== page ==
Massachusetts Daily Collegian

A free and responsible press serving the UMass community since 1890

A free and responsible press serving the UMass community since 1890

Massachusetts Daily Collegian

A free and responsible press serving the UMass community since 1890

Massachusetts Daily Collegian

To survive in the political game, the Democratic Party needs to get younger

The party must re-examine what gives them energy: hope
Maria Uminski / Daily Collegian (2012).

Leading up to the 118th Congress, one of the most newsworthy races involved Maxwell Frost, the first member of “Gen Z” elected to the House of Representatives. A 25-year-old progressive activist, Frost represents a movement that the Democrats need to embrace if they are going to be viable in the coming years.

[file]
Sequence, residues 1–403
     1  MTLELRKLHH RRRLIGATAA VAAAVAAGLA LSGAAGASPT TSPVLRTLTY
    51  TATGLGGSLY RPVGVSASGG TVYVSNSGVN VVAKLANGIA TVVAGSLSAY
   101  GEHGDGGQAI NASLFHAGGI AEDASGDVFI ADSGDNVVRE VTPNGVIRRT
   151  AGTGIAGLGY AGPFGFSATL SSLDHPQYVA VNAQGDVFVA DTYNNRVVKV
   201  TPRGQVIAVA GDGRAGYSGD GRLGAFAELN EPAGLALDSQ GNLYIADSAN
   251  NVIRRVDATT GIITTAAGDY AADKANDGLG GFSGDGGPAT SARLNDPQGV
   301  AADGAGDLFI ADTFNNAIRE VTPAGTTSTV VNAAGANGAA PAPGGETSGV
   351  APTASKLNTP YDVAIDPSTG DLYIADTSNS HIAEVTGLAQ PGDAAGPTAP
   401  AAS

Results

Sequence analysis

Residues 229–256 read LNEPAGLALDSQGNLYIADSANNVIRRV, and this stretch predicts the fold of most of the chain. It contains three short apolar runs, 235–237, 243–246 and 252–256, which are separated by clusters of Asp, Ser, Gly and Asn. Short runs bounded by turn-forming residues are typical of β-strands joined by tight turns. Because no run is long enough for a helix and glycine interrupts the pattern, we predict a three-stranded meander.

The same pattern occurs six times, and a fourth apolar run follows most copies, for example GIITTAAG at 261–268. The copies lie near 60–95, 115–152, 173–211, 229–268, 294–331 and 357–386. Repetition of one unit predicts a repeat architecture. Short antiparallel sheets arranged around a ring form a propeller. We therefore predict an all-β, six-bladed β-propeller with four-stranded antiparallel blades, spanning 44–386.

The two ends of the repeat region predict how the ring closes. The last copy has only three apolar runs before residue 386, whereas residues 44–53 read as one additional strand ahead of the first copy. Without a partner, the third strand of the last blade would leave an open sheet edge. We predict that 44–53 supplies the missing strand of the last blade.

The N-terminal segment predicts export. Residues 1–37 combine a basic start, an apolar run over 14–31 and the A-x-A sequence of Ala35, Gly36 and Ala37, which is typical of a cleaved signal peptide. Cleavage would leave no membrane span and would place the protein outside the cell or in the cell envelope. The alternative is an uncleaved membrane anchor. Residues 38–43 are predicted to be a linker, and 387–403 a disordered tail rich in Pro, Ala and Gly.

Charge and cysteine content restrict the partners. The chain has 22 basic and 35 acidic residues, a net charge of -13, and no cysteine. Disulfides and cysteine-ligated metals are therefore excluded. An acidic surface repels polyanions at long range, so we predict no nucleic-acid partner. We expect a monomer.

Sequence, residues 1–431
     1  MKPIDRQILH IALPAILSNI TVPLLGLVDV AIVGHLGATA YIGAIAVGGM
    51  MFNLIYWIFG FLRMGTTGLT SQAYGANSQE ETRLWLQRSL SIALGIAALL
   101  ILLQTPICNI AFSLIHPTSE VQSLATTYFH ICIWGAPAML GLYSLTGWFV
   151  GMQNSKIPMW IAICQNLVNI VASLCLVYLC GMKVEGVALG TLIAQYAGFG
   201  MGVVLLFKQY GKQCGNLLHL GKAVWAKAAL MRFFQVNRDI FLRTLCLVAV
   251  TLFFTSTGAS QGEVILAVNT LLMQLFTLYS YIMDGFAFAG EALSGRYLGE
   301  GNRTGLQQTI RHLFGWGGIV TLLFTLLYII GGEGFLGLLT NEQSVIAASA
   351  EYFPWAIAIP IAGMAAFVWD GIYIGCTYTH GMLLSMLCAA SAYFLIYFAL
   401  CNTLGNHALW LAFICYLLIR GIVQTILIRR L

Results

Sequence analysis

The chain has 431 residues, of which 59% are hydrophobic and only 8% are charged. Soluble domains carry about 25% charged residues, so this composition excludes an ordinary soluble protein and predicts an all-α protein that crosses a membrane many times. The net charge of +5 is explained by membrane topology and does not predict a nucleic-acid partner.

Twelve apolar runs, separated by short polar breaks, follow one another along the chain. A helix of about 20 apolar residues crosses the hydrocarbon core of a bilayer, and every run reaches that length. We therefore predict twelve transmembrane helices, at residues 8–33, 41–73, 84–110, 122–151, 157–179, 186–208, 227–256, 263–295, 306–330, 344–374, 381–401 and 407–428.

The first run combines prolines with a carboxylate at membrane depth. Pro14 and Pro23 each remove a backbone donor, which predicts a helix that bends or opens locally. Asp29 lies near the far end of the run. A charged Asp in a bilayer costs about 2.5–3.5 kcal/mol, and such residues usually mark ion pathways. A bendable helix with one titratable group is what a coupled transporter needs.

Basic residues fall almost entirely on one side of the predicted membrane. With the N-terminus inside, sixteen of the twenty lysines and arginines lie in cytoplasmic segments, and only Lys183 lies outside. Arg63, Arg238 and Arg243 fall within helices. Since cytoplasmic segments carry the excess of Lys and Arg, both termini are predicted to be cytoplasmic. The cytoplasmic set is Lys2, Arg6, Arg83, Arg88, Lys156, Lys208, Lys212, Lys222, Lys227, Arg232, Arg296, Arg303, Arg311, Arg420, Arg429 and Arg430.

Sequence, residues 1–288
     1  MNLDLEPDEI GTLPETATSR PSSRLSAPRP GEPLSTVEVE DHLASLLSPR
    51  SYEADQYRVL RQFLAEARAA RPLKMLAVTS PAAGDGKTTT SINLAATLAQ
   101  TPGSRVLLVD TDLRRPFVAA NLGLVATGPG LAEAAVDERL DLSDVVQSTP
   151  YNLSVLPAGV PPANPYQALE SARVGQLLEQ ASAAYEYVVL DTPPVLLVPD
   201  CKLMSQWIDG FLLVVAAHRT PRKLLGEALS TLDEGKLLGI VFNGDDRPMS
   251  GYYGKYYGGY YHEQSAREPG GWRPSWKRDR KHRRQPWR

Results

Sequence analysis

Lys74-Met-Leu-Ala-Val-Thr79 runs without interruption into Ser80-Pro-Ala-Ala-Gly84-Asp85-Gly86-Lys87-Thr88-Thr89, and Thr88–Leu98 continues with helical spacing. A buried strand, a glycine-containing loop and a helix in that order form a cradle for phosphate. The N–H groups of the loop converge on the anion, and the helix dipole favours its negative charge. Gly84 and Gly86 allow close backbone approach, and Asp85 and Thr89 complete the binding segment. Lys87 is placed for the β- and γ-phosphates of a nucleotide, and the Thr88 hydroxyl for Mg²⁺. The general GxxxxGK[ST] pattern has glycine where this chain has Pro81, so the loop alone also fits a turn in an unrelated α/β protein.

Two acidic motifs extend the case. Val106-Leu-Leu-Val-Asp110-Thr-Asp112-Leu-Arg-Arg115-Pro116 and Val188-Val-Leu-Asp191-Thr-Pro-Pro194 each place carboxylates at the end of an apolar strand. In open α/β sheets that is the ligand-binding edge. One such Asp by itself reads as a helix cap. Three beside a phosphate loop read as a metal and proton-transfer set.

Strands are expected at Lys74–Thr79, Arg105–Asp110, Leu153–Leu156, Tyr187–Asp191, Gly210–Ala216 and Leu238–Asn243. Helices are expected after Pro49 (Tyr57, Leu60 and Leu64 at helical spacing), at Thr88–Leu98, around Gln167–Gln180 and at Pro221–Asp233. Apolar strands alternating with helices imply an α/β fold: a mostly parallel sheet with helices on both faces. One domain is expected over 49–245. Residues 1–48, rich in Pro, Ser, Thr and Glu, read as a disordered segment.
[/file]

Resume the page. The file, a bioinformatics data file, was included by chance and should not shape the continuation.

Every new cohort elected to Congress is increasingly diverse in terms of race, gender and ethnicity, yet the average age of an elected member of Congress is 58. The average age of a U.S. Senator is 64. For reference, the United States Census Bureau reports that the median age in the U.S. is 38. When examined deeper, the difference between incumbents and freshman members is significant, particularly down party lines.

According to the Pew Research Center, the median age of freshman members is actually slightly lower for Democrats than Republicans. However, data regarding the breakdown between incumbent and freshman members paints a different picture: in 2022, more than 90 percent of U.S. House members won re-election in their seats. Clearly, incumbent numbers are far more accurate in judging the age of Congress. The median age of an incumbent for a Republican is 59.1, whereas the median age of an incumbent for a Democrat is 61.4.